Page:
Monday, October 6, 2014

Ebola in Texas: Who is to "Blame?"

One of the unfortunate consequences of our 24/7 cable news cycle as well as America's political polarization is that every negative event that takes place in society needs to have blame assigned to some person or organization. Sometimes the reactions to adverse news events seems to take the form of a political Rorschach Test, where an individual's reaction to the event demonstrates their underlying political views.

This was no more true recently than the unfortunate story of Thomas Eric Duncan, the man from Liberia who presented to a Dallas hospital with fever, chills, and joint pains. A nurse who saw the patient dutifully documented that the man had traveled from Liberia in the hospital's electronic health record (EHR). However, as is often the case, the physician did not see the nurse's note. The nurse failed to verbally communicate the travel history to the physician, and the physician who saw the patient did not ask about travel history. Thinking this was just a viral illness, the physician discharged the patient home. (An additional challenge with this story is that the facts keep changing. Later reports stated that the physician indeed knew about the patient's travel from Liberia. Either way, this does not change the basic premise of this posting.)

There were certainly things that were done wrong here by many people: The nurse did not verbally report the travel history to the physician. The physician did not read the nurse's note nor take a complete history from the patient. Those who implemented the EHR did not create a workflow that easily allowed the nurse's documentation to be seen by the physician. By the way, physicians not reading nurses' notes is a problem that long predates EHRs.

It would be unfortunate if the lessons learned from this episode are just figuring out who to blame, and then shaming them in the media. Our media, especially the cable news cycle that seems to thrive on pinpointing blame, with political ideologues of all stripes then chiming in with a shibboleth that indicates to which ideology they belong. And of course, the situation is not helped by the right-wing political echo chamber that seeks to tie everything-Obama to every possible adverse news event. It is fascinating to scroll through the readers' comments on various news sites and see how easily people make the "obvious" connections between this event and Obamacare, illegal immigration, the threat of terrorism, and so forth.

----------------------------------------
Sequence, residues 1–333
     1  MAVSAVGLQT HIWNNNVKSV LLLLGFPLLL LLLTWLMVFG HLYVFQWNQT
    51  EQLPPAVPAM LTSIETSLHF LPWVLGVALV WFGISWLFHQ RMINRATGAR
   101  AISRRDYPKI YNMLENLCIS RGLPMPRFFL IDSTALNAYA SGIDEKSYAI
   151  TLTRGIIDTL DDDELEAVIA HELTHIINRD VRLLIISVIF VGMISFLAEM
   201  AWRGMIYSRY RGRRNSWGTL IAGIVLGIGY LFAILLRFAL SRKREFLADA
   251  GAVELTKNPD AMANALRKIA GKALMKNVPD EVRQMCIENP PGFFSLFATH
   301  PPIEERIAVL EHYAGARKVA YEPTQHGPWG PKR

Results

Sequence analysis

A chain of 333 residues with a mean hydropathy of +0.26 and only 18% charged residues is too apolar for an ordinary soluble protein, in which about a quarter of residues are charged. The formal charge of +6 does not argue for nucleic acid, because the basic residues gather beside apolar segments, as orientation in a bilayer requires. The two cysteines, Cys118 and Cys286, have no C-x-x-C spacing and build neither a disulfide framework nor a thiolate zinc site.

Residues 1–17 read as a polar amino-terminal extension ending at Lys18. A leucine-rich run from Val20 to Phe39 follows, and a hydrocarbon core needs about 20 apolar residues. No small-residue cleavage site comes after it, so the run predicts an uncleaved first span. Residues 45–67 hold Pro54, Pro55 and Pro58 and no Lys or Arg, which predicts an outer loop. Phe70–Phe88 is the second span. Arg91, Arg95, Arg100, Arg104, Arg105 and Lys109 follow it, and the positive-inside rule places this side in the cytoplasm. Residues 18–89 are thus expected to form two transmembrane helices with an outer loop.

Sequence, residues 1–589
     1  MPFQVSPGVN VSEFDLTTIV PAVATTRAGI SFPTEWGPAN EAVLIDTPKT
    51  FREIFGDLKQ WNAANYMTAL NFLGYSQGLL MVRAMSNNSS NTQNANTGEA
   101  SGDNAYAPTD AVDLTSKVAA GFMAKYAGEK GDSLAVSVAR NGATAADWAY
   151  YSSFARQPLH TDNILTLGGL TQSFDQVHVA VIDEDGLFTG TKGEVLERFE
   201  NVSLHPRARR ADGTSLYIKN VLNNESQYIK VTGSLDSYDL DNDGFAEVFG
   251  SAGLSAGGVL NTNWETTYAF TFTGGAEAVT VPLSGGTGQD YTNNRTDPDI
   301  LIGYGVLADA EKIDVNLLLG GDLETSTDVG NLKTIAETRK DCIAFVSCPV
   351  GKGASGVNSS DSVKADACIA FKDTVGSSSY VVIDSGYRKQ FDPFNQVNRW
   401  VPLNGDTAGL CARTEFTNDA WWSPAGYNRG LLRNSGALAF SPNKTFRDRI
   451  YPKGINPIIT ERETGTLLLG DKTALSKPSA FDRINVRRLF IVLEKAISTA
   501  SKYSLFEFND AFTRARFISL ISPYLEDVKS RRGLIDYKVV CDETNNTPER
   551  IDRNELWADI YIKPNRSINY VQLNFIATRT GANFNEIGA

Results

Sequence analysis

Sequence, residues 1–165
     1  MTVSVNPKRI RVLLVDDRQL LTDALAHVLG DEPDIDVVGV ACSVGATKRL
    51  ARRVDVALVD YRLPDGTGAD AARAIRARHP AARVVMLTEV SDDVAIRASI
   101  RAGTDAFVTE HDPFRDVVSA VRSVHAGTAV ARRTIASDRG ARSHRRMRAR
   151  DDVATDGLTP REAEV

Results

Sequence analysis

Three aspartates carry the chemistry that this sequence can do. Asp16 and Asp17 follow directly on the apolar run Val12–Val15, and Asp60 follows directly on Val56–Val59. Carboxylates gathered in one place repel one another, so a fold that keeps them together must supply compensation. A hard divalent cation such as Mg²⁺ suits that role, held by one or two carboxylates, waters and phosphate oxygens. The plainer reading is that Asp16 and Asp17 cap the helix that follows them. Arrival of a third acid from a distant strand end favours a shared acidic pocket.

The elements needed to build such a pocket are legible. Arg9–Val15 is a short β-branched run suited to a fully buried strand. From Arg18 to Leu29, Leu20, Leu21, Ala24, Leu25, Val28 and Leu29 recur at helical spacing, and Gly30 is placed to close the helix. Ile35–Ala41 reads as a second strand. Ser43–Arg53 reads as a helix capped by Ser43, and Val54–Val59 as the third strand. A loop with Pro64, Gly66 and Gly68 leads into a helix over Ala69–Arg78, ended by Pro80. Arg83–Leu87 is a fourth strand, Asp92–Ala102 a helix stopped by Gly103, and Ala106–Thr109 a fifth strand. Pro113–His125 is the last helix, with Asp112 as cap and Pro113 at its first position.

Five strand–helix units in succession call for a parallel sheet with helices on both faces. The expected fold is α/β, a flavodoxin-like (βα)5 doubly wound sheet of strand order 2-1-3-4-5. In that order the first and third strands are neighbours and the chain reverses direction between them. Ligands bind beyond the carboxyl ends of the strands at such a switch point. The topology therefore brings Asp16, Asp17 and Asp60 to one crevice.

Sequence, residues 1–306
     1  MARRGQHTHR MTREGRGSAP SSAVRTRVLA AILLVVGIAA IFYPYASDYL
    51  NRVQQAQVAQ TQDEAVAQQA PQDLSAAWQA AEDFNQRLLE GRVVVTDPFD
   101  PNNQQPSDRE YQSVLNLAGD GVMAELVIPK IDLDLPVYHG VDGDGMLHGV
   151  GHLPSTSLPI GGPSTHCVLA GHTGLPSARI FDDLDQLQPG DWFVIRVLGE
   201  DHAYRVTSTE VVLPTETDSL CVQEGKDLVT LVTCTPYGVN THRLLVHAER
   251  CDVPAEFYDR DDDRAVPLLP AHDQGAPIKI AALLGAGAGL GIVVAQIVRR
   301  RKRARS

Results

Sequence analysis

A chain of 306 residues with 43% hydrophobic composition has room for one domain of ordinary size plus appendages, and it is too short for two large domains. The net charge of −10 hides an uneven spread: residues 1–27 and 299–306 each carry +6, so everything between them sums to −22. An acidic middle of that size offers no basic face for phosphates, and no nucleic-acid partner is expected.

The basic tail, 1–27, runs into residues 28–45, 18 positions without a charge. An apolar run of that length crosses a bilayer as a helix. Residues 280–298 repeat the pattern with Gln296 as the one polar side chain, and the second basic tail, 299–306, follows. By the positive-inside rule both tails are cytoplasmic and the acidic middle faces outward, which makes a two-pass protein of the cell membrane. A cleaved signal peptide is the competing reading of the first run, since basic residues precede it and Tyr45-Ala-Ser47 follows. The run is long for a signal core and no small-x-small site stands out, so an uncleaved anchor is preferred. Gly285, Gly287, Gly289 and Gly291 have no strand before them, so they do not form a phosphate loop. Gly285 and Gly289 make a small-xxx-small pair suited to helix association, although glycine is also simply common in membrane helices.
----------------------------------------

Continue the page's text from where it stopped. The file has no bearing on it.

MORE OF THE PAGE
The reality is that although the US healthcare and public health systems are far from perfect, we do have the means to isolate and prevent the spread of Ebola. By the same token, we need to remember that the majority of people who walk into emergency departments with fever and joint pains do not have Ebola. In fact, we run the risk now of excessive testing and other resource use because of this one case.

A good outcome of this unfortunate episode would be our learning from it, and figuring out how to build systems of care, which include use of EHRs, that make sure front-line healthcare professionals do not miss cases like this while not interfering with the assessment of the overwhelming majority of routine cases of fever and joint pains that are from more common causes than Ebola. It might even be nice to have the means to prevent the spread of untruthful memes about cases like this, but I am not overly optimistic.

1 comment:

  1. As always, your thought provoking commentary is welcomed. However, Dr. Hersh, you did not mention the exposure to the virus that might have increased the risk of infection by the health care workers who initially saw and treated the patient. They were at increased risk in addition to all their personal contacts (at home, for example), as you know.